Another article came out this month about the pitfalls of entitlement, this time in Forbes magazine. This one discussed how the Millennial generation, after immersing themselves in the cesspool of entitlement for the last 20 years, is slamming into a wall of confusion and emptiness. The author, a Millennial himself who has been diagnosed with depression, had this to say near the end of his article:
“We were taught to expect a lot and that we had choices to do whatever we wanted. So we went about doing it. We expect a lot from ourselves too, and become disappointed when we finally realize that we are not omnipotent, and that we are stressed out. It is this discrepancy between our expectations and the reality that trouble us. We have titles, status and money, but we feel void and empty inside. We lack purpose. We have drive and motivation to succeed, and yet, we don’t know what or why we need to succeed.” 1
This correlation between depression and entitlement is increasingly recognized. Once again, we read another example of how depression and “mental disorders” are most prevalent among the generation that has been raised under the largest entitlement umbrella our culture has ever seen.
The common factor? I believe it could be an overblown drive to find happiness. The pursuit of happiness usually plays out in self-serving ways. One of the interesting trends I have seen cropping up lately in articles about Millennials is that they are now saying that “freedom” is one of their highest pursuits, instead of money or power. Is that any better? Freedom sounds so legitimate (and in the right context, it is), but I think that they have just adopted a more palatable word to describe the fact that they just want what they want. So they keep pursuing happiness, and they keep getting depressed.
Which begs the question: if trying to find happiness through self-indulgence fails, would finding significance come from the opposite – like serving others?
Many books and studies are leaning this direction.
In the book Raising Self-Reliant Children in a Self-Indulgent World, Dr. Stephen Glenn argues that being a contributor leads to significance:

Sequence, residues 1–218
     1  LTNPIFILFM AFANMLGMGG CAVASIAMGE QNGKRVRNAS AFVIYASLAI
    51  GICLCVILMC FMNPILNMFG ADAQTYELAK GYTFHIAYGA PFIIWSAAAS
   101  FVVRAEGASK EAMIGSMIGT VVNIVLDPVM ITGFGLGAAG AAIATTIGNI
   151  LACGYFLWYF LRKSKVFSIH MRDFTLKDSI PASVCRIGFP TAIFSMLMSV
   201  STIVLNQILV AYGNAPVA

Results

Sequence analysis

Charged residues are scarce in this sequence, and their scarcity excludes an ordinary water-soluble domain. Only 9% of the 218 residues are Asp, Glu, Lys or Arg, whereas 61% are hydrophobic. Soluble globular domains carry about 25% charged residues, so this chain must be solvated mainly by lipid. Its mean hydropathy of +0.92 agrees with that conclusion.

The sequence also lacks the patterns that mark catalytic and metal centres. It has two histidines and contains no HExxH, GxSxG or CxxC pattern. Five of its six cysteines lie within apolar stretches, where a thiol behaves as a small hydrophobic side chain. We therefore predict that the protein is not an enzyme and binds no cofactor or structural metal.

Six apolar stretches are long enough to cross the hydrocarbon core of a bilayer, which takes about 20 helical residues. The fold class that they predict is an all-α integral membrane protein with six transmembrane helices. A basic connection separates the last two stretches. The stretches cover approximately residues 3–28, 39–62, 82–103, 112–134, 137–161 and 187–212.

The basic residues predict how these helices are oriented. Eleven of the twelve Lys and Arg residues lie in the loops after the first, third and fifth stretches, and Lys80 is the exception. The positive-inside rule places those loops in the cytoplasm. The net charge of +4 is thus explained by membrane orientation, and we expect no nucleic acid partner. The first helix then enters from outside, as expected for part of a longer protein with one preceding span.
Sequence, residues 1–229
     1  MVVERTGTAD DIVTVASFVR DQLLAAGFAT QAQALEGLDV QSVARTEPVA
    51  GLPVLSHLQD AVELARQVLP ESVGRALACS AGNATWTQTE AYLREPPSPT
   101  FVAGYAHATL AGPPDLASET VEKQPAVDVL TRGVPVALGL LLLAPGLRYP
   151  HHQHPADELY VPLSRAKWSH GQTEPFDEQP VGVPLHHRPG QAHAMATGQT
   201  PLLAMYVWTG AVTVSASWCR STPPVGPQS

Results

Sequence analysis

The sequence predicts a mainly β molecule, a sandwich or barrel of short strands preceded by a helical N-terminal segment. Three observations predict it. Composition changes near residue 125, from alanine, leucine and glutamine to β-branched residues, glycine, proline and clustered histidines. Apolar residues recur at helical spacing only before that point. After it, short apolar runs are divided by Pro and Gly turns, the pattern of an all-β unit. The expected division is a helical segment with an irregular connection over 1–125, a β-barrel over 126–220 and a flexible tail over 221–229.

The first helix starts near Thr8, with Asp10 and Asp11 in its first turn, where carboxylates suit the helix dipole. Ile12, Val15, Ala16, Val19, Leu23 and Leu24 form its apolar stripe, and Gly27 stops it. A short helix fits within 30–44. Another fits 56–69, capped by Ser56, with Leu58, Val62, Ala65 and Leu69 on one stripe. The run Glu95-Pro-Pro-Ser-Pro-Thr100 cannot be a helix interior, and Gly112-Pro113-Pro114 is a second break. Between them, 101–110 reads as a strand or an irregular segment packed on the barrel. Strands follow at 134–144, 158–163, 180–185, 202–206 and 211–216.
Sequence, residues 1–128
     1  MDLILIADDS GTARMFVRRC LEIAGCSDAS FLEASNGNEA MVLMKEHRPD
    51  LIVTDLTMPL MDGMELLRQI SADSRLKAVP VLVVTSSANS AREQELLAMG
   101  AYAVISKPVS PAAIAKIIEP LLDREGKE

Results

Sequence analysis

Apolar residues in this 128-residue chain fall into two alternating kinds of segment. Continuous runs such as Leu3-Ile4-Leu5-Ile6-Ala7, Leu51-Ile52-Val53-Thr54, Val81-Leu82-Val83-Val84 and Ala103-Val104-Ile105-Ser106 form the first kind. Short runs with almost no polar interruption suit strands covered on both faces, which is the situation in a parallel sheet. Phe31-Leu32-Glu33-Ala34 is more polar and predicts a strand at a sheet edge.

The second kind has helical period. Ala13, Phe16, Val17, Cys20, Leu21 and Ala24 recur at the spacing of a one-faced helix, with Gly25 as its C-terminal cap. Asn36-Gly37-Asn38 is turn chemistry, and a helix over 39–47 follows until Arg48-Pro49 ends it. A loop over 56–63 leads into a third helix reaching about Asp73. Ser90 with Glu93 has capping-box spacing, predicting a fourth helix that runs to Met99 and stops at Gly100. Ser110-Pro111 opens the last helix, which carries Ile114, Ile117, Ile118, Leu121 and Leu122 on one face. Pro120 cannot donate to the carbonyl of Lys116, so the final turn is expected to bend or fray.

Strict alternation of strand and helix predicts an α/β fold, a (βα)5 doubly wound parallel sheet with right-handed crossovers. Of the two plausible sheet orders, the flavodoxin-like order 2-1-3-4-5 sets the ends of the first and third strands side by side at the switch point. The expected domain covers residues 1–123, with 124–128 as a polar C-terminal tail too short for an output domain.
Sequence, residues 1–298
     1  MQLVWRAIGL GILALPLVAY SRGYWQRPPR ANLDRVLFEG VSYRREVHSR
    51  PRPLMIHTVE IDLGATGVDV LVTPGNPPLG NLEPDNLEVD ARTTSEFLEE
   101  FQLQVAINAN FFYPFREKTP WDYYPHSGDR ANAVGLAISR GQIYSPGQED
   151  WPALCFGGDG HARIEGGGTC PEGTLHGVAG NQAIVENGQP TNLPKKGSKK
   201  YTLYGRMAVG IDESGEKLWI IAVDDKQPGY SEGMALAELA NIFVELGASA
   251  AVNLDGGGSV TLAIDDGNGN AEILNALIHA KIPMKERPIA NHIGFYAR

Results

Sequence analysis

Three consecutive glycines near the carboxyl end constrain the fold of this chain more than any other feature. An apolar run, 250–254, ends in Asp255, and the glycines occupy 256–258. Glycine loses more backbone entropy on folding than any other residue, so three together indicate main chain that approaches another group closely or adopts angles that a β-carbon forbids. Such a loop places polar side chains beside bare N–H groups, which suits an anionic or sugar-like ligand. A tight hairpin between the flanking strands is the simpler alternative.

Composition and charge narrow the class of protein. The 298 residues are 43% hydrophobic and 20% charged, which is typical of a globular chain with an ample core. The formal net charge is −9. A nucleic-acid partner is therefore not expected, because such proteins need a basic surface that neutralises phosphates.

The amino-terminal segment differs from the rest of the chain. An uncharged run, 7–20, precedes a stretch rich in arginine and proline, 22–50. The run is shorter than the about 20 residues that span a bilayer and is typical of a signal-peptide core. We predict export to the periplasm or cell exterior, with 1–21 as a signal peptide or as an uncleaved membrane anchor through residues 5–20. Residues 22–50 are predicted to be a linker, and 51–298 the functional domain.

“When people are needed as contributors, they bond, invest, grow and get healthy. When everything is done for them, they continue to perceive themselves as inadequate and insignificant.” 2
Even on a biological level, this is being confirmed. Two neuroscientists from Emory University did a study recently where they induced people to do altruistic experiments and then monitored their brain activity while doing so. When helping others, activity was detected in the caudate nucleus and anterior cingulate, which are parts of the brain that become activated when people experience pleasure or anticipate rewards. 3
The bible is a big advocate for serving other people. The best example of this is the role Christ took with us as the suffering servant. He gave his life to benefit mankind for all eternity. We should emanate his example, and the bible gives great direction for how to effectively love and serve other people. There are dozens of “one another” verses in the bible, and many more that address serving specifically. Some examples:
“You, my brothers, were called to be free. But do not use your freedom to indulge the sinful nature; rather, serve one another in love.” Galatians 5:13
“Each one should use whatever gift he has received to serve others, faithfully administering God's grace in its various forms.” 1 Peter 4:10